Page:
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Basin Street at St. Louis
Click on lion above for St. Louis Cemetery No. 1 photo album
Established in 1789, St. Louis No. 1 is the oldest extant cemetery in New Orleans. It is located on Basin street one block from the border of the French Quarter. It was built when New Orleans was under Spanish control, so the wall vault system that was popular in Spain at that time was used. This method was also practical since New Orleans is under sea level and below ground burials caused caskets to float. The city was in serious need of burial space because of the fire in 1788 that destroyed more than 80% of the city in one night. There was also a flood as well as the infamous yellow fever epedimic that crowded the city's first cemetery on St. Peter street. The rise of dead bodies was so high that the cemetery workers were constantly intoxicated with liquor to tolerate the stench of the deceased.
There are many notable figures buried here. Homer Plessy a Creole man who boarded a white only railroad car in 1892 in violation of Louisiana state law at that time. His case went all the way to the U.S. Supreme Court in the famous Plessy vs Ferguson case that institutionalized segregation in the south for the next 60+ years. He was buried in 1925. We also have Bernard de Marigny buried in 1871 who was a controversial business tycoon who has a street named after him. There is also the famous voodoo queen Marie Laveau who died in 1881. When visiting this tomb it is common practice to leave offerings and mark the gris gris XXX's on the tomb. Buried next to her is New Orleans' first black mayor, Ernest "Dutch" Morial who died in 1989. The Morial name is well known family in the city.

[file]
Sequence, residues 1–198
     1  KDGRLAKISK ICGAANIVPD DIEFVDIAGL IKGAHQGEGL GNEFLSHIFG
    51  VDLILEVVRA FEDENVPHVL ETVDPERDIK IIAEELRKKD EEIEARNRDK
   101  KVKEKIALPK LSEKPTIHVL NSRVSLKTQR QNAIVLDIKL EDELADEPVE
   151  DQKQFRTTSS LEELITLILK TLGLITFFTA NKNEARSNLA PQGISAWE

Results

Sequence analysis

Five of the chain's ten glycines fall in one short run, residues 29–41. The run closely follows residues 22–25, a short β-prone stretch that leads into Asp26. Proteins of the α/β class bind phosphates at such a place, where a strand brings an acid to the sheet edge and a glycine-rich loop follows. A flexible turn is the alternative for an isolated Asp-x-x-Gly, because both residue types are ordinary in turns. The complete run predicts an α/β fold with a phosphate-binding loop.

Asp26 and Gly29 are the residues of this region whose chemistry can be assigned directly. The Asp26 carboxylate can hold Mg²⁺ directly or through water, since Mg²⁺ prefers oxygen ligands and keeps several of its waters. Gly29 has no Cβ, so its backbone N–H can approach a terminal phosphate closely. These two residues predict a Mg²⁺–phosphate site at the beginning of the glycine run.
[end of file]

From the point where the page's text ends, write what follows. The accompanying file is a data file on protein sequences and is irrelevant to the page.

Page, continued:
The cemetery has people from all walks of life buried here from rich to poor, black, french, spanish...all mixed in with one another. However the only division between burial areas is by religion. Colonial Louisiana was Roman catholic by law and so is St. Louis cemetery. It is still owned by the New Orleans Archdiocese. After the Louisiana purchase thousands of protestants arrived to New ORleans, so a protestant section was created in the rear left corner of the cemetery. However, many remains may have been lost when the Protestant graves were moved to First Protestant Cemetery on Girod street in 1822.
This cemetery is a tourist hot spot. There are daily historical and ghost tours that go through the winding labywrinth of a cemetery. It has inspired many Anne Rice stories and was also featured in the Jack Nicholson movie, Easy Rider.